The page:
Unlike cognitive behavior therapy, dialectical behavior therapy implements mindfulness, tolerance distress, and acceptance. Some cognitive behavioral therapists like to incorporate certain elements of dialectical behavior therapy. Nowadays, there are also forms of cognitive behavior therapy that incorporate some aspects of dialectical behavior therapy, for example, using mindfulness to treat depression.
Tools and techniques of the dialectical behavior therapy
Using the 4 modules for skills training. This teaches behavioral skills and is frequently taught in groups where homework can be assigned. The homework may consist of people putting into practice the dialectical behavior therapy skills they learned in class to their everyday life. It could also mean filling out a daily diary card in order to track over 40 emotions, behaviors, urges, and skills – like lying and self-respect. It takes about 24 weeks to completely get through a full skills curriculum.
Enhancing motivation with individual therapy. Individual therapies help the person apply the DBT skills they have learned to specific situations and challenges in their life. Normally, individual therapy takes place once a week and runs alongside the dialectical behavior therapy skills training.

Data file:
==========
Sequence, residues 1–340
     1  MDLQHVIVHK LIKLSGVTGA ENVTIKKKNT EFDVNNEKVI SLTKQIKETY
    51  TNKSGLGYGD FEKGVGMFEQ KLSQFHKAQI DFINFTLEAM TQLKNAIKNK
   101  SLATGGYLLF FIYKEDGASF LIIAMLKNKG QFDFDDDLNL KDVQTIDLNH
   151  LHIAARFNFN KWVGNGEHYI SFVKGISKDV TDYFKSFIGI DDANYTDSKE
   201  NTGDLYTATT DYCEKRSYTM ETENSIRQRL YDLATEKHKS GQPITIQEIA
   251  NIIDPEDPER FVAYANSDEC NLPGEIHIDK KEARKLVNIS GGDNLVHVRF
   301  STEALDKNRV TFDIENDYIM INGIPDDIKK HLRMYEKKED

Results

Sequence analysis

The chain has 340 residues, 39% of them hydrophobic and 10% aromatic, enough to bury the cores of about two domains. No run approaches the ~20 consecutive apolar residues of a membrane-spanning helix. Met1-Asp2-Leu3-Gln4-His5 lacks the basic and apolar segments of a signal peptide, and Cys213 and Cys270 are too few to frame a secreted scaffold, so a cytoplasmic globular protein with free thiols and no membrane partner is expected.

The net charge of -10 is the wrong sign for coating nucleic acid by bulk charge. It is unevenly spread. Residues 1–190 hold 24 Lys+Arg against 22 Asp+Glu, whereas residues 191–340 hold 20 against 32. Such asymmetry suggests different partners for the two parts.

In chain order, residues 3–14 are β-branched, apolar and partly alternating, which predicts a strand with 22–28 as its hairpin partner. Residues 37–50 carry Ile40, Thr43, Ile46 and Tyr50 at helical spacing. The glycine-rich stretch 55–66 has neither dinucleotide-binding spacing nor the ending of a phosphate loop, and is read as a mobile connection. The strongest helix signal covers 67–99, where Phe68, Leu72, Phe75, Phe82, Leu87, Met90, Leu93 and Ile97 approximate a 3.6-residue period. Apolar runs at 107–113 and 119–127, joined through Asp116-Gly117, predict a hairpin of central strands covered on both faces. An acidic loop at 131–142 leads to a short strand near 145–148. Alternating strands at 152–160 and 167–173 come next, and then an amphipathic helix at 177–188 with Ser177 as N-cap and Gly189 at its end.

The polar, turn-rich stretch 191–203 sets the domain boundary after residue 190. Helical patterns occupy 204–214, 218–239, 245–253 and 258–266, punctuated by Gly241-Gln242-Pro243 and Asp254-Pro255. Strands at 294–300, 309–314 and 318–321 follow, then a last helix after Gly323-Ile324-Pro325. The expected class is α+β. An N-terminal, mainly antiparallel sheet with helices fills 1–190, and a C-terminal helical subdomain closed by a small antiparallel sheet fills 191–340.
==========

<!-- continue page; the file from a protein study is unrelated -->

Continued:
Coaching is a form that involves using telephone coaching and another live coaching to provide real life, in-the-moment support. The goal is to help the person use their dialectical behavior therapy skills effectively in order to cope with hard situations that happen in everyday life.
Case management strategies involve helping the person manage their own lives in their normal physical and social environments. The therapist uses the same strategies in order to teach the person how to be their own “case manager,” This helps the therapist consult the patient about what to do and the therapist only intervenes when necessary.
Consultation team with support therapists help those who provide dialectical behavior therapy, like individual therapists and case managers, treat the person. Their goal is to essentially provide therapy for the therapist and be a back-up by helping the therapists stay motivated and as competent as possible to be able to do the best work possible. A consultation team is most important when there is someone with a severe, difficult-to-treat disorder that can cause the therapist to feel burnt out.
The efficiency of the dialectical behavior therapy